Readers of this blog are no doubt aware that faculty and staff at Christian colleges, seminaries, universities, institutes, and the like are sinners in the same proportion as the general Christian population. As a long-time habitue of institutions of Christian higher education, SWNID knows of no such institution that has not been touched by sexual scandal.
So it is in one sense completely unremarkable that Professor John Rumple's resignation from Johnson Bible College was followed by his public announcement
that he is an active homosexual, having lived secretly with his same-sex lover while teaching at JBC.
What is more remarkable, perhaps, is that Rumple has launched a web-based campaign to challenge the understanding of Christian ethics that forbids same-sex sexual expression. We call this remarkable because we know of no adulterer, fornicator, pedophile or pornography-consumer who has taken similar steps to challenge Christian sexual ethics. In the larger respect, Mormonism might be seen as a polyamorous challenge, but most analysts would see all that as belonging on the fringes, including most contemporary Mormons. But of course, Rumple is hardly the first to launch such a quest (more on that below). So maybe this isn't remarkable either.
There is so much that can be said on this subject, we hesitate even to raise it at all. So, in our limited time that we are stealing from more pressing tasks, we make only these observations.One:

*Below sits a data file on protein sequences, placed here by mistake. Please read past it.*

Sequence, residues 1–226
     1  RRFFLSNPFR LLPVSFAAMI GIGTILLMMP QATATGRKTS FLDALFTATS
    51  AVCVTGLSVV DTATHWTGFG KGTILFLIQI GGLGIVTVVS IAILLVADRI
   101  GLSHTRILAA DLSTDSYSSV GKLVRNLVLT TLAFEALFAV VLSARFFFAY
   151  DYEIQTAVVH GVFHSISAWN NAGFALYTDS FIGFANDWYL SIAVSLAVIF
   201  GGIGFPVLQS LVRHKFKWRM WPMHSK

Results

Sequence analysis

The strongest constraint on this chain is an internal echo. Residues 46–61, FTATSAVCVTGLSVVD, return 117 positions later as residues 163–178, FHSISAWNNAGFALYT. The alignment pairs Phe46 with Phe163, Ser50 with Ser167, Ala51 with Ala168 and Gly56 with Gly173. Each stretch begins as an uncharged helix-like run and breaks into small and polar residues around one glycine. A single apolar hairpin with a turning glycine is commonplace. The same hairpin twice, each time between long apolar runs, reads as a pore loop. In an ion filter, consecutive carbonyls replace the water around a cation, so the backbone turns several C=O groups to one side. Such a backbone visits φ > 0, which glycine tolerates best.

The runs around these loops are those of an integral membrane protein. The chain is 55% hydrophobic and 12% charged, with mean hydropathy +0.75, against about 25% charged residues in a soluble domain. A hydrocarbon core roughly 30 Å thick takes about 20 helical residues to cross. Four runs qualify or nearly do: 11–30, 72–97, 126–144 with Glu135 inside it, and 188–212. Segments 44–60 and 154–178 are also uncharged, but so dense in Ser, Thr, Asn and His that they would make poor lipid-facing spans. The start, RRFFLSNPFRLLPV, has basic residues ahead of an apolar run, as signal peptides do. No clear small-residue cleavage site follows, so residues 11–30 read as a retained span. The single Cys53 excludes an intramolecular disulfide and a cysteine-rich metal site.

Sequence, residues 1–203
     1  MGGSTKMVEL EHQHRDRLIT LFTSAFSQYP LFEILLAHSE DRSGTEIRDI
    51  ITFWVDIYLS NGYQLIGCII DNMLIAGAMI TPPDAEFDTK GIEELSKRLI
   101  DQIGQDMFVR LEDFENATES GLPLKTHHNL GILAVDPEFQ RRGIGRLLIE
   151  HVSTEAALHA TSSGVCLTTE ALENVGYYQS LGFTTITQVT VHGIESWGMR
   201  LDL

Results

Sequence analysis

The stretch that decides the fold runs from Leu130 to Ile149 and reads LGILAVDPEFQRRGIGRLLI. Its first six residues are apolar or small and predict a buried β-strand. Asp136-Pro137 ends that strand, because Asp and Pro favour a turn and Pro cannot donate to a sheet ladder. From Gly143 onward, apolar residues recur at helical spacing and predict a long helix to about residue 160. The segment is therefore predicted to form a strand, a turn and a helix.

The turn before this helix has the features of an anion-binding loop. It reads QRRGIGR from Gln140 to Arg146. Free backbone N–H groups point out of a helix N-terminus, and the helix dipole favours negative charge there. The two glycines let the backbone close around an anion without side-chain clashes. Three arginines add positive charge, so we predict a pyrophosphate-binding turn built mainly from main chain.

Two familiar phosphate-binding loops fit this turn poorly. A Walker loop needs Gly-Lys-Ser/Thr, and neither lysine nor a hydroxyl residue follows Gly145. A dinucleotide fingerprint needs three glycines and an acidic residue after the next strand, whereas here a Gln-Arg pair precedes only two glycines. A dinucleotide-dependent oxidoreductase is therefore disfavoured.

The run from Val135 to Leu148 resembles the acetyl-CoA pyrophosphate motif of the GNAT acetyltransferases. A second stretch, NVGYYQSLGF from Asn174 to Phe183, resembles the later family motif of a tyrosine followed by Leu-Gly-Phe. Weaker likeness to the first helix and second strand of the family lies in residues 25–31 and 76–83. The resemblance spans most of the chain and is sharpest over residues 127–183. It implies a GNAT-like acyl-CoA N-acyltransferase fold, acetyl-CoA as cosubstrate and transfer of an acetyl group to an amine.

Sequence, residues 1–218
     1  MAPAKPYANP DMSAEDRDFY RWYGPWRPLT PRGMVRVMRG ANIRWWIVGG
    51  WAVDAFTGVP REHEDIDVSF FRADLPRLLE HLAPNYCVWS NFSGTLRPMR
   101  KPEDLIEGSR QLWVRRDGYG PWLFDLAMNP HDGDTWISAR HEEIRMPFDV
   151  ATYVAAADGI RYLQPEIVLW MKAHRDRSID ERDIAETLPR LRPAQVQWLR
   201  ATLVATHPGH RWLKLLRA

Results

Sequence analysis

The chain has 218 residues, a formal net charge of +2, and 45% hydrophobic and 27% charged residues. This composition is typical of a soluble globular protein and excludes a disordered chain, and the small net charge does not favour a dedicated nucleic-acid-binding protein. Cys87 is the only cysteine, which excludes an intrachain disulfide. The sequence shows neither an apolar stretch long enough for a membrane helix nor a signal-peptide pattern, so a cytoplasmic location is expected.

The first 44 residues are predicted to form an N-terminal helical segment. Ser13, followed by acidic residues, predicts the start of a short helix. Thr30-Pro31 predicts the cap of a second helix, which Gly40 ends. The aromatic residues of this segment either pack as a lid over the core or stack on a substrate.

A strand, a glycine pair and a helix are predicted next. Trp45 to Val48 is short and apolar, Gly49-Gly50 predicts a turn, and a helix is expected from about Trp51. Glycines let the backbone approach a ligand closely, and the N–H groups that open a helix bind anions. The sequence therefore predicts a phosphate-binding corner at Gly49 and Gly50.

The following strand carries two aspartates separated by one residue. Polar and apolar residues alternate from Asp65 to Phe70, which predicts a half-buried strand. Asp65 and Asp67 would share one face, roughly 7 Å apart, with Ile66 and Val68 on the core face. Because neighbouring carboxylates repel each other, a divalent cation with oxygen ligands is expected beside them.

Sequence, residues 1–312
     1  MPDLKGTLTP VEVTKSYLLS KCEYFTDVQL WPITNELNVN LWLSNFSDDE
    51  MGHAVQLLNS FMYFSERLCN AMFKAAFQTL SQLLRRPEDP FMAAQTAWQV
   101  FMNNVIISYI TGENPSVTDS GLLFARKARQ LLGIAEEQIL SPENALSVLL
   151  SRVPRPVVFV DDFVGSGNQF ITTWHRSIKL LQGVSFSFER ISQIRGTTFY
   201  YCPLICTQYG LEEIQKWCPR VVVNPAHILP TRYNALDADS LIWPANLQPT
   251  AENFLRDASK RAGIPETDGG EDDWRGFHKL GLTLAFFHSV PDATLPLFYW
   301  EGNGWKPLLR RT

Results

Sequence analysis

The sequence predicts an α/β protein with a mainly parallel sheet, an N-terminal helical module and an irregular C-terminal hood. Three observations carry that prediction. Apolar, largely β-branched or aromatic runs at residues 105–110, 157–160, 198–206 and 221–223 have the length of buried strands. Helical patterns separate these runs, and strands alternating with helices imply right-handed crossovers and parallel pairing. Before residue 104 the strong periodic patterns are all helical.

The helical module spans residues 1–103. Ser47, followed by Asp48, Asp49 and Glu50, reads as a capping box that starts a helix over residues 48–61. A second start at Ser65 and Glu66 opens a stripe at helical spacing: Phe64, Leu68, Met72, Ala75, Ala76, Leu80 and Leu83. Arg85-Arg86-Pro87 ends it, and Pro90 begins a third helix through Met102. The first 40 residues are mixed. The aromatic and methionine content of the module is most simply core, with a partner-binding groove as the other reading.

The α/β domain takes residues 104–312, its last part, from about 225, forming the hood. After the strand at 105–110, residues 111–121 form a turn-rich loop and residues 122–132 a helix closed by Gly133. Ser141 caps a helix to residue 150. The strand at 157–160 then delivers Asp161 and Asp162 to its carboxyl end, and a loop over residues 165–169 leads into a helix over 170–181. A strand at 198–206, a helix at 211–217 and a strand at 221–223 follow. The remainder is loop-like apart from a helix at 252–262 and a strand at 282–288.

Like most who advocate the moral acceptability of homosexual practice, Rumple's argument largely hinges on the notion that the expression of individual identity or personhood demands acting on one's sexual impulses, especially same-sex attraction. SWNID objects to this move. Why do we consider "homosexual" to be a category of personal identity but not, say, "greedy person"? We expect that the truth of the gospel and the power of the Holy Spirit will compel and enable us to restrain our greed. But the argument is that the same should not apply to homosexual impulses, which belong to something of the essence of a person. To oversimplify, some would probably say, "I experience greed, but I am
gay." We challenge the validity of that distinction.
In fact, we'll get confessional with this challenge. SWNID has frequent, strong impulses to be bitter and rude. We will even say that bitterness and rudeness are of the very essence of our being, something that we've always experienced and can't seem to shake. We don't just have bitterness and rudeness, we are
bitter and rude.
We wouldn't be who we are without bitterness and rudeness. But the cross of Christ compels us to struggle against that aspect of ourselves, to "deny" ourselves, as the Lord's phrase can be translated, to "buffet" our "body," as the apostle's phrase can be translated, in favor of something closer to the nature of the God in whose image we were created and are being recreated. That this struggle is in small part on display for all the world in this blog is an irony that we note in passing.
So how is that of a different category than being sexually attracted to members of the same sex?Two: